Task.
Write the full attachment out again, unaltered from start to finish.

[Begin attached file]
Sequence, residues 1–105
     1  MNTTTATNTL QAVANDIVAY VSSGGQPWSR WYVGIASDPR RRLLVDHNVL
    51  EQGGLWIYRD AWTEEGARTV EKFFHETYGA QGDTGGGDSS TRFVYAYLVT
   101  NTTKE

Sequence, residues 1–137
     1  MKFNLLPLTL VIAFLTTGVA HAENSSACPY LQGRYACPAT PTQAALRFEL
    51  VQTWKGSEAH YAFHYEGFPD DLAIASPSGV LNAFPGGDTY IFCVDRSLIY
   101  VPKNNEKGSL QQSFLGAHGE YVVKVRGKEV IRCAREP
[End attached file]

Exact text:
Sequence, residues 1–105
     1  MNTTTATNTL QAVANDIVAY VSSGGQPWSR WYVGIASDPR RRLLVDHNVL
    51  EQGGLWIYRD AWTEEGARTV EKFFHETYGA QGDTGGGDSS TRFVYAYLVT
   101  NTTKE

Sequence, residues 1–137
     1  MKFNLLPLTL VIAFLTTGVA HAENSSACPY LQGRYACPAT PTQAALRFEL
    51  VQTWKGSEAH YAFHYEGFPD DLAIASPSGV LNAFPGGDTY IFCVDRSLIY
   101  VPKNNEKGSL QQSFLGAHGE YVVKVRGKEV IRCAREP